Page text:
Freedom of religion has sometimes been adversely affected by the political and military situation. While the majority of the population is Orthodox Christian, there is a sizeable Muslim community, many members of which migrated from the North Caucasus. The educational system reflects government views, and many South Ossetians receive higher education in Russia.
E. Associational and Organizational Rights: 0 / 12
While antigovernment protests were extremely rare before the 2008 war, opposition groups mounted demonstrations following the flawed 2009 elections, and Tskhinvali residents protested repeatedly over the slow postwar reconstruction process and related government corruption. In the run-up to the presidential election in 2011, one human rights activist was beaten and another threatened after leading such demonstrations. Dzhioyeva’s supporters held weeks of peaceful protests after the annulment of the first presidential election, which Kokoity called unauthorized and threatened with violence.
Though some nongovernmental organizations (NGOs) operate in the territory, in practice they are largely controlled by the state and funded by Russia. Activists operate under the close scrutiny of the authorities and are subject to intimidation. In August 2013, South Ossetia’s parliament amended the territory’s NGO laws, requiring the groups to provide information to the government about the source of their funding.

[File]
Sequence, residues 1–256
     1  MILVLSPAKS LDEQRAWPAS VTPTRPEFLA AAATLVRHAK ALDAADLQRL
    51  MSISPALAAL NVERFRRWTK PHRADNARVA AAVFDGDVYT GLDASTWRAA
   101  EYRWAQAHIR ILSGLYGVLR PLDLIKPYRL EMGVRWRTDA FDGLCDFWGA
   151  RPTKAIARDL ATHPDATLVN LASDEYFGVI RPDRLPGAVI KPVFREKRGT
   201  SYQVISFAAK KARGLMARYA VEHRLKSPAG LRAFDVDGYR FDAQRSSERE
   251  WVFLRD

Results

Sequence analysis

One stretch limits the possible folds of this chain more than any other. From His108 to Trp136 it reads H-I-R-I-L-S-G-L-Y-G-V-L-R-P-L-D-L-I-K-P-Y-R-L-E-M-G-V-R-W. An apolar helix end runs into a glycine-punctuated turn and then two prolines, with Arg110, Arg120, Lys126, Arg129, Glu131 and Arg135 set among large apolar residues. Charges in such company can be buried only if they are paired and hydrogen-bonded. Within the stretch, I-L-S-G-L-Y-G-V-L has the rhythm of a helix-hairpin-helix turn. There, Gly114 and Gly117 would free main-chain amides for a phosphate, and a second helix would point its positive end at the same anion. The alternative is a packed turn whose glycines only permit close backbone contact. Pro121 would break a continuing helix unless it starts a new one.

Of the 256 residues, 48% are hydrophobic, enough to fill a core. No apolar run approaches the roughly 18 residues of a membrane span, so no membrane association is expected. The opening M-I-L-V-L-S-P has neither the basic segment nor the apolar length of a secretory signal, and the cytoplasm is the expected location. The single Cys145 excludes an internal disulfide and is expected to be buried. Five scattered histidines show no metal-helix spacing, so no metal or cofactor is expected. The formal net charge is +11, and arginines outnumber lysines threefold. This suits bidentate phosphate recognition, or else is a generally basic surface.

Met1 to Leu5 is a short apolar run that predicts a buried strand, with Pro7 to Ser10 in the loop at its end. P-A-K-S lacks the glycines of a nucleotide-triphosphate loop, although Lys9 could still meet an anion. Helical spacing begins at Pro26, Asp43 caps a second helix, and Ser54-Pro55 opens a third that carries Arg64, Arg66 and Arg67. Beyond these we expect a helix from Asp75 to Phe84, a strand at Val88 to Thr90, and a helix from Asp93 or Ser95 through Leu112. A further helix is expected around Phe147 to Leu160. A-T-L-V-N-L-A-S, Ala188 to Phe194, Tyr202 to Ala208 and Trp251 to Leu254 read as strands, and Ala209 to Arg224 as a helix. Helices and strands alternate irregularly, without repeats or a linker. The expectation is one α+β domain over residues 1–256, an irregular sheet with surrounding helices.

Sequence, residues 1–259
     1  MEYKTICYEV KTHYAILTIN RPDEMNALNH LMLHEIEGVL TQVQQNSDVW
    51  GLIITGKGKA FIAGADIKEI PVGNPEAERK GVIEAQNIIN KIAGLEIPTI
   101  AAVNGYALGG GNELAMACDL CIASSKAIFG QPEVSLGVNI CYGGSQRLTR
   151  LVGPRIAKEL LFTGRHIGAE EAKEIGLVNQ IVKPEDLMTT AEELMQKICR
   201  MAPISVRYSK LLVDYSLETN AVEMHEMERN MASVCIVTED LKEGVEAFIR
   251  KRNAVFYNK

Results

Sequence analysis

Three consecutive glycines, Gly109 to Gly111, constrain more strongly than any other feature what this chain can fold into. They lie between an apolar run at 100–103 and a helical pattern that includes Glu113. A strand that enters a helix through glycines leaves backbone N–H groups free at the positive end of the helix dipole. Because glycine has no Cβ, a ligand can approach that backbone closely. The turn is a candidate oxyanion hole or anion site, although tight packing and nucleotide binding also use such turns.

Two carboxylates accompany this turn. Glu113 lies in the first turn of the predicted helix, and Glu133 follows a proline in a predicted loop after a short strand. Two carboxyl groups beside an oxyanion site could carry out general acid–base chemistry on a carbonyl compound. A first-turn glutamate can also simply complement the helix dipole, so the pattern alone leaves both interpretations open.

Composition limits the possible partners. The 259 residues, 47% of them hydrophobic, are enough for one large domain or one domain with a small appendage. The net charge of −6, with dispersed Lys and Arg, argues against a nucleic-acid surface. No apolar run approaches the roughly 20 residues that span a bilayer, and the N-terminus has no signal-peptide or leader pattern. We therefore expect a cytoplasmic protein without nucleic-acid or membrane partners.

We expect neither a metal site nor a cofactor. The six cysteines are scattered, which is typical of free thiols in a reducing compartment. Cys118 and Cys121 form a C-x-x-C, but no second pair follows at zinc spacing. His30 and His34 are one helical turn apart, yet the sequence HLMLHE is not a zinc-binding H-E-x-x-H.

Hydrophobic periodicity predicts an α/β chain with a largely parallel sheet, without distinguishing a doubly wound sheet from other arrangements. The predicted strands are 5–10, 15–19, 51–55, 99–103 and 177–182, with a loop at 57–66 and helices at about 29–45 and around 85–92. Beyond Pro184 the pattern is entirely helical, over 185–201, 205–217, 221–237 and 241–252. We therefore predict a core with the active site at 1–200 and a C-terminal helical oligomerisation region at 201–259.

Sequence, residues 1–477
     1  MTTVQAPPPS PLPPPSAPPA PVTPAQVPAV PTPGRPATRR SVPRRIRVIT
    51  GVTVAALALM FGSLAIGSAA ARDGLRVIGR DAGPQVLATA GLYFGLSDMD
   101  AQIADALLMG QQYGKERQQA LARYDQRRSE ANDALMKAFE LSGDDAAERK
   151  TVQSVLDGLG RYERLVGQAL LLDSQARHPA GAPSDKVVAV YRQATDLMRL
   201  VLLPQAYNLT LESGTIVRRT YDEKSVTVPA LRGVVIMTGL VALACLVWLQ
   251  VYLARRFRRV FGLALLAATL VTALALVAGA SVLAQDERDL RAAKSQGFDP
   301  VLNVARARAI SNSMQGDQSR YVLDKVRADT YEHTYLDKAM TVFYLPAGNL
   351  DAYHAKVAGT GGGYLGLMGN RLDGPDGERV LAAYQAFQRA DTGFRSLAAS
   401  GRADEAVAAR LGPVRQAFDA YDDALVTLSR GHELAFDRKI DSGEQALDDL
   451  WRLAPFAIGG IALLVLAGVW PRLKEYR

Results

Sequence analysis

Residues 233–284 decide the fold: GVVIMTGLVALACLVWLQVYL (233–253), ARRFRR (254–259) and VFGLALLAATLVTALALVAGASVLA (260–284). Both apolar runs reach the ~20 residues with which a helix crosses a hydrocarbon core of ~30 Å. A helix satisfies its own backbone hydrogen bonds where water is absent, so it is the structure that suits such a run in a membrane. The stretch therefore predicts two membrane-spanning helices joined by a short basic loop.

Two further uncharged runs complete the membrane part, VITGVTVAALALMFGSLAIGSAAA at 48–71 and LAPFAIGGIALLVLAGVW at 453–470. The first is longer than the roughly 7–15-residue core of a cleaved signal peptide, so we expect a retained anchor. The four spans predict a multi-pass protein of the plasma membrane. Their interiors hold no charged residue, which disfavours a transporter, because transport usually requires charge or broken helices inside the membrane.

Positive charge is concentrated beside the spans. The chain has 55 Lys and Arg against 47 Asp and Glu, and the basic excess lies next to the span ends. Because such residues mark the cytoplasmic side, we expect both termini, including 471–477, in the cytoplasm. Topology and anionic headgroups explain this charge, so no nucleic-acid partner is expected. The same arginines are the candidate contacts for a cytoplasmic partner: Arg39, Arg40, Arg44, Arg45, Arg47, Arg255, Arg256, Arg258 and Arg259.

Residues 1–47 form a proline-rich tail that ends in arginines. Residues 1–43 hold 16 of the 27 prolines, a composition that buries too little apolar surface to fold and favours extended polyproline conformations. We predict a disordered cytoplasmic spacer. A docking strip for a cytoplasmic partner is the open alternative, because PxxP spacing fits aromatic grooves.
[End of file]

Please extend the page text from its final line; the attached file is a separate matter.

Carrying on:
F. Rule of Law: 1 / 16
South Ossetia’s justice system has been manipulated to punish perceived opponents of the separatist leadership, while government allies allegedly violate the law with relative impunity. Russian prosecutors have attempted to curb malfeasance by local officials, but the Russian court system itself remains deeply flawed.
Physical abuse and poor conditions are reportedly common in South Ossetian prisons and detention centers. Arbitrary arrests of ethnic Georgians have been reported.
G. Personal Autonomy and Individual Rights: 3 / 16